Combination of azacitidine and enasidenib enhances leukemic cell differentiation and cooperatively hypomethylates DNA

Kyle J. MacBeth, Vivek S. Chopra, Lin Tang, Bing Zheng, Brian Avanzino, Wendy L. See, Martin Schwickart, Maria E. Figueroa, Lynn Quek, Jorge F. DiMartino

Research output: Contribution to journalArticlepeer-review

Abstract

Azacitidine and enasidenib are two therapies available for treatment of acute myelogenous leukemia (AML), and the mechanisms of action of these drugs involve alteration of aberrant DNA methylation. We hypothesized that a combination of these agents could have interactive effects on DNA methylation and enhance differentiation in mIDH2 cells. Combination treatment enhanced cellular differentiation in TF-1 cells overexpressing IDJ2R140Q through increased hemoglobinization and increased hemoglobin γ RNA expression compared with the effects of single agents. Furthermore, in primary AML samples (IDH2R140Q or R172K), combination treatment reduced CD34+ cells and increased CD15+ cells to a greater extent than attained with single agents. To explore the mechanism of enhanced differentiation with combination treatment, the TF-1 epigenome was analyzed by profiling 5-hydroxymethylcytosine (5hmC) and 5-methylcytosine (5mC) DNA methylation changes. Enasidenib treatment alone increased 5hmC, consistent with reactivation of ten-eleven-translocation (TET) enzyme activity. Compared with treatment with azacitidine alone, combination treatment reduced 5mC levels at greater numbers of sites and these loci were significantly enriched in regions with increased 5hMC (25.8% vs. 7.4%). Results are consistent with a model in which enasidenib-mediated reactivation of ten-eleven-translocation enzymes cooperates with azacitidine-mediated inhibition of DNA methyltransferase enzymes, leading to greater reductions in DNA methylation and enhanced erythroid differentiation.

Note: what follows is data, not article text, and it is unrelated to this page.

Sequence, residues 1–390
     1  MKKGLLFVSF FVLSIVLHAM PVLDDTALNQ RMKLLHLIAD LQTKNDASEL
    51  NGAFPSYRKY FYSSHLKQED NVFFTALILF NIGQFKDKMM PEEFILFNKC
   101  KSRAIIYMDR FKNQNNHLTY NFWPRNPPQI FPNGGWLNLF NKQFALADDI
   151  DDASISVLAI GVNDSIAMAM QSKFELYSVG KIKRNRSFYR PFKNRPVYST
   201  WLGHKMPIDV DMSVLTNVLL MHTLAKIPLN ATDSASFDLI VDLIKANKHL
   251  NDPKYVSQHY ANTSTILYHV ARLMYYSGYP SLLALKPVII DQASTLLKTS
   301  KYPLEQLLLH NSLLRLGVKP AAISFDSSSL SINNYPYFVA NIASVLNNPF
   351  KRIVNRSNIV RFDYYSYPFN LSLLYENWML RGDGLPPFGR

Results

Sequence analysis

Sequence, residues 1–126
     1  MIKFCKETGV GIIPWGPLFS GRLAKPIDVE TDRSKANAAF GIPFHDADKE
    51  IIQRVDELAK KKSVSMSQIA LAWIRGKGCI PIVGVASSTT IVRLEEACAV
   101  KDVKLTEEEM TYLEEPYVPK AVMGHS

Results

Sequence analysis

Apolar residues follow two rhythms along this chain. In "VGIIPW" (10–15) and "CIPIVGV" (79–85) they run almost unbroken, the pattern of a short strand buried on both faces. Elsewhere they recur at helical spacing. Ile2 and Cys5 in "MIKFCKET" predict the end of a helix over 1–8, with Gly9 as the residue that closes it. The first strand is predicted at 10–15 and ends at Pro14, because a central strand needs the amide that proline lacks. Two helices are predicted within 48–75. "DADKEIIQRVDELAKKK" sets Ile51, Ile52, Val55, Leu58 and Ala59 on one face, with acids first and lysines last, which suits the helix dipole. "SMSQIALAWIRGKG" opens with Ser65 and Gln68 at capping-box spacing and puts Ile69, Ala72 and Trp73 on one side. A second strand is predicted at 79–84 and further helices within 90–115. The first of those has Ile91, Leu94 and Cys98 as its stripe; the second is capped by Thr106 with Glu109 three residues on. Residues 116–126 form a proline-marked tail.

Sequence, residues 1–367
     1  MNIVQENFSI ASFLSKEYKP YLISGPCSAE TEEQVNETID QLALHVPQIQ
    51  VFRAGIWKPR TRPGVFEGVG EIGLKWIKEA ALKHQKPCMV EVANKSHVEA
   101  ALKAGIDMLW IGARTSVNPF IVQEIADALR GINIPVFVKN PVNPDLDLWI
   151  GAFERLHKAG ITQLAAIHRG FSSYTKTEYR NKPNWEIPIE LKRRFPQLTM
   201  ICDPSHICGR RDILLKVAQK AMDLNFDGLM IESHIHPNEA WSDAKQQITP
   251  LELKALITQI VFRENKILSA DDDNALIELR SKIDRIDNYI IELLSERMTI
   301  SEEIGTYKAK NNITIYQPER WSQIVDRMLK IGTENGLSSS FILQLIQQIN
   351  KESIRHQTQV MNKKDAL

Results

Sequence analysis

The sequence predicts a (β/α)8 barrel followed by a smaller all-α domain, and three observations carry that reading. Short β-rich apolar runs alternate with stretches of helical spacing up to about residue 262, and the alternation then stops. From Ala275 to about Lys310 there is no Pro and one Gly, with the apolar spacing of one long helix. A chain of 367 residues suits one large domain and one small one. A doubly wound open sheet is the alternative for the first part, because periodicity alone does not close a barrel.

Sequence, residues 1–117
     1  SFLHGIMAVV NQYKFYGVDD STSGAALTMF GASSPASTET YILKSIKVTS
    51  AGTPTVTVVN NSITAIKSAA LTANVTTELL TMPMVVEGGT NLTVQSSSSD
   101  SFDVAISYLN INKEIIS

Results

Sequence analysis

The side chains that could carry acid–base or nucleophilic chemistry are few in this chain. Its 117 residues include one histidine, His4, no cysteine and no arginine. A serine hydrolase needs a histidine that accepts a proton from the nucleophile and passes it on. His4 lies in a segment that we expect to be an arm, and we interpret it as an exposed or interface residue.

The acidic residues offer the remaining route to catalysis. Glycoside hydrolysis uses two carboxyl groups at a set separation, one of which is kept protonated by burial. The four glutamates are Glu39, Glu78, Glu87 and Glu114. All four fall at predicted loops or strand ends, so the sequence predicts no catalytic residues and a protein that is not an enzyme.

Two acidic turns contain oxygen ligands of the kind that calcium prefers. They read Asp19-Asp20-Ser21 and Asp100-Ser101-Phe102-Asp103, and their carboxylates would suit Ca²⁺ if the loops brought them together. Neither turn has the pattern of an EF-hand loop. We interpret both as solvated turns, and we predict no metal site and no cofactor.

Original languageEnglish (US)
Pages (from-to)47-52.e6
JournalExperimental Hematology
Volume98
DOIs
StatePublished - Jun 2021
Externally publishedYes

ASJC Scopus subject areas

  • Molecular Biology
  • Hematology
  • Genetics
  • Cell Biology
  • Cancer Research

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